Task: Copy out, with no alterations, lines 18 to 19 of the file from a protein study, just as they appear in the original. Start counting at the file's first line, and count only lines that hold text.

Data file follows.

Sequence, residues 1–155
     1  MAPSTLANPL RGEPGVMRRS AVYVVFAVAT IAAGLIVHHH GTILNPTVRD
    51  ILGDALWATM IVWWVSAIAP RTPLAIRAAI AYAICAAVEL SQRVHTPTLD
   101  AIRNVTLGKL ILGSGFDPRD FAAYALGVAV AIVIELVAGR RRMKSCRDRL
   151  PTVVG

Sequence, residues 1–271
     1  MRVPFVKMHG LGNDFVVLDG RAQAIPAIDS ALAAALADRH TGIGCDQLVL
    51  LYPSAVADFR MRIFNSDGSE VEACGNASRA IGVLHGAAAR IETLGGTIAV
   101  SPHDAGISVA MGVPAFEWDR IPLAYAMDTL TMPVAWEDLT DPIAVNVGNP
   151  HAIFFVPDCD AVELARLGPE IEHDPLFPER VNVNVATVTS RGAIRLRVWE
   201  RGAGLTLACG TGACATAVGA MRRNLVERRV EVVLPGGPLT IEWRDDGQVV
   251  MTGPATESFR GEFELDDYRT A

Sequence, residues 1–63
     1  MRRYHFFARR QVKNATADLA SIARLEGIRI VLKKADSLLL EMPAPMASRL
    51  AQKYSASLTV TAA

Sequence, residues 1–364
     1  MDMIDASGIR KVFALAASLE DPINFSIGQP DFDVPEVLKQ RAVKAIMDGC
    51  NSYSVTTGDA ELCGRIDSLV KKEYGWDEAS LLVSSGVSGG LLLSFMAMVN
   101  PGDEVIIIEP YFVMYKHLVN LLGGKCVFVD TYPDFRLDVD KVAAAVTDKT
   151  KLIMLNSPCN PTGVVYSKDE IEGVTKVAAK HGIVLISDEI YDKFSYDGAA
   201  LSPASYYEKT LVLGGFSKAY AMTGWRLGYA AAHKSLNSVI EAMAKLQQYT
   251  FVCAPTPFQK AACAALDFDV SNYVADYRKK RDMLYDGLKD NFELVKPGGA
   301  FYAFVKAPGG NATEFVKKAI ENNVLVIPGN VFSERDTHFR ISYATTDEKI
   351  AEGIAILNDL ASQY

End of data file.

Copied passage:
    51  NSYSVTTGDA ELCGRIDSLV KKEYGWDEAS LLVSSGVSGG LLLSFMAMVN
   101  PGDEVIIIEP YFVMYKHLVN LLGGKCVFVD TYPDFRLDVD KVAAAVTDKT